For starters, get your mind out of the gutter. I’m not even gonna go there with that touchy subject, but instead I’ll approach another. Ring size. Does how many carats in a ring determine what type of marriage you’ll have? Does it dictate what kind of man a woman is marrying (for example, cheap versus generous)? My answer is no to both and let me tell you why.
Of course most women want a big diamond. Nobody, and let me repeat, nobody is going to ask or secretly wish for a diamond that they cannot see. For one, bigger looks better. And two, bragging rights. Let me repeat, nobody is gonna want to show off a diamond that you need a magnifying glass to see. But here’s the thing. A piece of jewelry does not represent your marriage or what it could be. For example, Tom Cruise presented Katie Holmes with a five carat platinum ring which cost $275,000. Ben Affleck proposed to Jennifer Lopez with a six carat diamond that cost two million. We all know what happened in these two situations, but let me break it down. These guys spent beaucoup money on relationships that didn’t last more than eight years (combined). You cannot put more into an object than a lifelong partnership. Objects do not and cannot determine quality, which is the purpose of marriage not whose is biggest.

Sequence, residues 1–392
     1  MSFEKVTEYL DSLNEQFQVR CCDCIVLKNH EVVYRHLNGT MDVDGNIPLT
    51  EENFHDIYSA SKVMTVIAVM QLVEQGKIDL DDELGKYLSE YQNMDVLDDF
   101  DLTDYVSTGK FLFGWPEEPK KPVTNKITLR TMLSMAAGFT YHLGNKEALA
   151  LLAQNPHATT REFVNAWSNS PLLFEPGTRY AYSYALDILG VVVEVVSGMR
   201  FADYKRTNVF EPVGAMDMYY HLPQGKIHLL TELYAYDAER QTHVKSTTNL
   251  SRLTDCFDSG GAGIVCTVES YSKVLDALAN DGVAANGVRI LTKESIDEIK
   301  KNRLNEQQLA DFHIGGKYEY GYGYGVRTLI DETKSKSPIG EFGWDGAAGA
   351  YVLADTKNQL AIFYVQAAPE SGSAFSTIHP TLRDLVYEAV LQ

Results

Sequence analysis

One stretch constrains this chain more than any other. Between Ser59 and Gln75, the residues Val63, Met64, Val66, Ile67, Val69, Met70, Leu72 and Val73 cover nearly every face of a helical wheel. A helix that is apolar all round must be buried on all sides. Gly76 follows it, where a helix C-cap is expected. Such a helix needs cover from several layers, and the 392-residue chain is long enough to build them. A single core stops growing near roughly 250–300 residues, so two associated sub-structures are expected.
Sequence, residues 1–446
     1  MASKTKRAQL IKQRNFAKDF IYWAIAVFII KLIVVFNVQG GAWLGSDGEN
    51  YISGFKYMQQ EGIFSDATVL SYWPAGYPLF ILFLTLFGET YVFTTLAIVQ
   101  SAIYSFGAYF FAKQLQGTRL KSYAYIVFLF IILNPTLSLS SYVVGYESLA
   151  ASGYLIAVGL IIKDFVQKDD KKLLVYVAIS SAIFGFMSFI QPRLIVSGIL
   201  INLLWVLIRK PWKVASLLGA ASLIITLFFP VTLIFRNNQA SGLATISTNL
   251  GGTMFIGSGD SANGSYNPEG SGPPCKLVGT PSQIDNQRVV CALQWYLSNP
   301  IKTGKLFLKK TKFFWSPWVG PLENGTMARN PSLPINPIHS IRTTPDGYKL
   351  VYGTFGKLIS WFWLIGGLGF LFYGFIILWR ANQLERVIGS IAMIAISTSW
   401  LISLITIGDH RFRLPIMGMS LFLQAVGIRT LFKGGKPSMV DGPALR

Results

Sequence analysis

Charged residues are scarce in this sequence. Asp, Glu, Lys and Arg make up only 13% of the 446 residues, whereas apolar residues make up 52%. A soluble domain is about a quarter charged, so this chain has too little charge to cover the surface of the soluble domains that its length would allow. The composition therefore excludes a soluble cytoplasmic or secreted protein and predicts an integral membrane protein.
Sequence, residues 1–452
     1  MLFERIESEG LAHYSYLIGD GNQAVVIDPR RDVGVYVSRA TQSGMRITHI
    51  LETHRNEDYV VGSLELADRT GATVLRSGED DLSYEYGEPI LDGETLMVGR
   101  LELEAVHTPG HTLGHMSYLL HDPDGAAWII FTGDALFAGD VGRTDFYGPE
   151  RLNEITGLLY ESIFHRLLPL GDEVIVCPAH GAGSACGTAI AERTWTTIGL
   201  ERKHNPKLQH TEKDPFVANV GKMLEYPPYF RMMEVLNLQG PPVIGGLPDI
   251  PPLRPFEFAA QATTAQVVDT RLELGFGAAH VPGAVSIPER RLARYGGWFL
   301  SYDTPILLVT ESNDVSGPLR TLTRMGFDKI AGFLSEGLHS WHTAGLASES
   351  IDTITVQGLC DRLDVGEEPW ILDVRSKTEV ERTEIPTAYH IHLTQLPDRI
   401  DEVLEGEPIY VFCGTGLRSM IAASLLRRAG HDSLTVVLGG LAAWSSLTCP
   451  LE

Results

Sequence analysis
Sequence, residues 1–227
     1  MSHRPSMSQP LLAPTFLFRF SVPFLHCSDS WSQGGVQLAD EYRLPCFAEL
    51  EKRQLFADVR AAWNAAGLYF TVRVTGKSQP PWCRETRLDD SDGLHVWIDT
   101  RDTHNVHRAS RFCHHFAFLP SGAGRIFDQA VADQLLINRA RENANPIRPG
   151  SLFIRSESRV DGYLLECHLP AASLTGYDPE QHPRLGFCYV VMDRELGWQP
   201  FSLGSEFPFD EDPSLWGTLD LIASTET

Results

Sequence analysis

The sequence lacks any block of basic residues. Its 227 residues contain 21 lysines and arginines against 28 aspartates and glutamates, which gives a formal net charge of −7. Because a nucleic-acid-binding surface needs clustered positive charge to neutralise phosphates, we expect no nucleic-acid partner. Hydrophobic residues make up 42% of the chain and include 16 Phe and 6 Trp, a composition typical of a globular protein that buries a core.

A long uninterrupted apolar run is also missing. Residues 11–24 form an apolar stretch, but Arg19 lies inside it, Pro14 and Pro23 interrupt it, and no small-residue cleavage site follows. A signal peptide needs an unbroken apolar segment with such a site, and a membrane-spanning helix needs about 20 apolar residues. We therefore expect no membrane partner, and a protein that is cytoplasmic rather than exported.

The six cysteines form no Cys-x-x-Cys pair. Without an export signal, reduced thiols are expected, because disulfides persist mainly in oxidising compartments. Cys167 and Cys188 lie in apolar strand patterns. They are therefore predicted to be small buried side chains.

Style should be more or less judged more than money spent on a ring. If you know your partner well enough to marry them, then you should be able to pick out their taste. Fellas, I’m going to give you a huge suggestion when it comes to jewelry (maybe even clothes). If you don’t know her exact taste or if you picked something out that you’re unsure of, take a peek in her jewelry box or what she wears. Now granted you shouldn’t buy an exact replica, but simply a similar style.
How much money a man has does not make the man. You could be the richest man in the world and still be a jackass. Or you could be the poorest man in the world and have the most caring heart. Trust me, this article is not an out for men to go out and look for a two hundred dollar ring (before it went on sale) to propose with, but moreso this is an article to point out that money, status, and fanciness do not always produce happiness. It’s what you and your partner contribute to making your marriage work.